Last spring, my friend Elizabeth called me with an exciting request: could I help one of the Kansas City homeless shelters get through a rebrand? My heart leapt. When I started freelancing about 20 months ago, one of my major prayers involved supporting my local community. I’d worked nationally for so long, I wanted to do something to help my hometown.

When Elizabeth reached out, I wondered if the opportunity was God opening a door to answer my prayers. After I met Rev. Joe, the executive director of Kansas City Rescue Mission, it was confirmed. Yes, God was opening a door. I jumped in.

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At the shelter: a lot to give and a lot to learn

I quickly linked arms with the development team and dove into learning the culture of homeless shelters and figuring out how to apply communications strategy and planning. We rolled out a new name and logo for the rescue mission, Shelter KC. We also established several communications tools.

I knew God put me at the shelter to offer marketing and communications support, yet as I walked its hallways, I realized I was also there to learn. I took mental notes that became etched on my heart.

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To introduce the new name and logo to the shelter staff, we had a “pop up” tent at the company picnic that walked them through the change.

My role at Shelter KC came to a close last week and while I’m excited to continue training and strategizing with them (and lead chapel for the women once a month), the marketing is in their hands now. They’re going to do great!

Over the weekend, I reflected on what the experience meant to me, and what I learned along the way. Here’s the top 7 things I came up with.

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One of the many graduation ceremonies I attended at Shelter KC.

1.Once homeless… not always homeless.

If someone is currently homeless, that doesn’t mean they’ll always be homeless. There is a way out, and many people who find themselves in a homeless situation will get help, fall into recovery and transition into a job.

I met several people at Shelter KC who were once homeless but now they are married homeowners raising families. This changed my perception of homelessness and how I pray for and treat my homeless neighbors.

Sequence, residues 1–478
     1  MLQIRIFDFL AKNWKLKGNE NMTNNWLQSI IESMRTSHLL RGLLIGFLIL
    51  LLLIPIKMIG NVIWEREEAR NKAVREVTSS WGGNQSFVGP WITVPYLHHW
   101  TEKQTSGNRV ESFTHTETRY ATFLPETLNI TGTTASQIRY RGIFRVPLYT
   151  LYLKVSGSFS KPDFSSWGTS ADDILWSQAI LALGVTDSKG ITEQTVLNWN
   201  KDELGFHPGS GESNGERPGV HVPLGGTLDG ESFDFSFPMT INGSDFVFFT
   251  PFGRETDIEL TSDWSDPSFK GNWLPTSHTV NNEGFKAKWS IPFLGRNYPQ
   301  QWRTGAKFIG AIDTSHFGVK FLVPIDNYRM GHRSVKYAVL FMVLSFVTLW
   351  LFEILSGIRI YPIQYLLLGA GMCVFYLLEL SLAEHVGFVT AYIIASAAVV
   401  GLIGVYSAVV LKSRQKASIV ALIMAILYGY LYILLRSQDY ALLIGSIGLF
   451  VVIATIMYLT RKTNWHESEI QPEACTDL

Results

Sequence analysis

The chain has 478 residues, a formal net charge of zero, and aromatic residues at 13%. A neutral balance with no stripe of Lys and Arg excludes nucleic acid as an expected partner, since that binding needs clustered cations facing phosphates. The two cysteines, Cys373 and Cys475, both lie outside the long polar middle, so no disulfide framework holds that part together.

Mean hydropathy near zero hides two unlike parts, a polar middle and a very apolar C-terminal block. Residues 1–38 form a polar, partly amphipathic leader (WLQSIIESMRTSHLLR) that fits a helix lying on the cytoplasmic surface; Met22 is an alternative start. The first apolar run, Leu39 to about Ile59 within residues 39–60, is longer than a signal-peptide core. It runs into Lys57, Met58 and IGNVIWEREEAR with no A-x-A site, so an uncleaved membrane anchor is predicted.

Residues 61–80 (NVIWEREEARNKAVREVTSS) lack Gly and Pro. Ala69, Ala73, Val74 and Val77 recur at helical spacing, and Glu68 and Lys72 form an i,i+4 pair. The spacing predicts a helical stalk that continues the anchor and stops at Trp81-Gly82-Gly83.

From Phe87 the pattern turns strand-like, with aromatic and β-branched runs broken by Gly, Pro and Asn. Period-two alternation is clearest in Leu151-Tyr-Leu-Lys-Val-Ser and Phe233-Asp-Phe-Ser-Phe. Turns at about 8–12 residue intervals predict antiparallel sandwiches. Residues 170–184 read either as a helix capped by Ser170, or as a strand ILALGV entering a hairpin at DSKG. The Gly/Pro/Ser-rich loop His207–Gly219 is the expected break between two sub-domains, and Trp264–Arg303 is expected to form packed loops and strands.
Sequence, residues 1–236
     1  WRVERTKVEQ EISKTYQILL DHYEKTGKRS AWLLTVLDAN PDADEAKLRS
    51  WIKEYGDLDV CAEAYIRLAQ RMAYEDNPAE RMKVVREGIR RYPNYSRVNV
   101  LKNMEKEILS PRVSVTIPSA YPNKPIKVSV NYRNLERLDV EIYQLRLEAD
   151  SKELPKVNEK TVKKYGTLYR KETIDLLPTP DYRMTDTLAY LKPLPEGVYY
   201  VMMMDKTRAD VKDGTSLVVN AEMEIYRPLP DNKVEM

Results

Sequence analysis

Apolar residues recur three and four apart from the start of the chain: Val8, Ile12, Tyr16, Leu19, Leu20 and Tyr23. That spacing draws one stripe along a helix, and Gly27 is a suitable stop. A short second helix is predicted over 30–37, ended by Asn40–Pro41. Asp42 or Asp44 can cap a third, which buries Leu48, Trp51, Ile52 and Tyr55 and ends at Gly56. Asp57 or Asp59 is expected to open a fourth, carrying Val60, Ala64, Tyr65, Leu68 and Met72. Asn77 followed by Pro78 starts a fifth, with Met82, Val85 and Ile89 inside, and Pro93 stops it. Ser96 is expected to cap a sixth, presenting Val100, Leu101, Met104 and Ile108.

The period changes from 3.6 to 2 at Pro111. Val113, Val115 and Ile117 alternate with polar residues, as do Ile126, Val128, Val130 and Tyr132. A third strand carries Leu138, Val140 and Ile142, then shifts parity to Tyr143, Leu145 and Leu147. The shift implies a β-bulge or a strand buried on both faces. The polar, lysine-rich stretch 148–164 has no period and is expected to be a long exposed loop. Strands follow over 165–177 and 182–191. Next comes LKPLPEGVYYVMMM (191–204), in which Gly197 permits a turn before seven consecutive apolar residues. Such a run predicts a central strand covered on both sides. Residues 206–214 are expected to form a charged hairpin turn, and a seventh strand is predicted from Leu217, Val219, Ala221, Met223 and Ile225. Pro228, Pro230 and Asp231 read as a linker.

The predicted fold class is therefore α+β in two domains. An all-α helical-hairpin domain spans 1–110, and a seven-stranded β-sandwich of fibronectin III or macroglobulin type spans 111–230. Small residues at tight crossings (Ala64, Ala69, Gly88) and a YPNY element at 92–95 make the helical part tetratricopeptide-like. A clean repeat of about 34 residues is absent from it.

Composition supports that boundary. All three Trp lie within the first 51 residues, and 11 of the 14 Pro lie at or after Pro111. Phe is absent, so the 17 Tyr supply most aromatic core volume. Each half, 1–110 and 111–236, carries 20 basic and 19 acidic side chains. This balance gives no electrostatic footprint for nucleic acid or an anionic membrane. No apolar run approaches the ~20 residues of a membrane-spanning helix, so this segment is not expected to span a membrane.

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Each night, the tables are set and food is served to the guests by volunteers.

2.Homeless neighbors deserve honor and respect.

God put me at one of the most honorable, safe homeless shelters in Kansas City. How? Here’s a few things the shelter does to show homeless neighbors they’re worthy of honor and respect:

  • volunteers in the dining hall bring meals to each table because many of the guests haven’t experienced the privilege of being waited on in some time
  • the shelter only uses anti-bacterial mattresses and pillows, and volunteers clean and scrub them down weekly, to keep away infections and bugs
  • the food is really good, award-winning in fact. it’s not sloppy, soupy goop but homemade meals
  • to get new clothing items, homeless guests can place an “order” and “shop”

And there’s many, many more examples, these are only a few.

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I’ve joined the Women’s Center chapel team!

3.There’s a huge need for churches to step up.

Homeless shelters, especially faith-based homeless shelters, are the literal hands and feet of Jesus. The commands to feed and clothe the poor are fulfilled daily at rescue missions around the country. These facilities are an extension of the local church.

Yet as I worked at the homeless shelter, I noticed how few churches support it. Don’t get me wrong, there’s some incredible church groups who faithfully serve. There’s generous people who send items each time we post a need. There’s a handful of churches giving generously out of their missions budgets. But honestly – it’s not enough.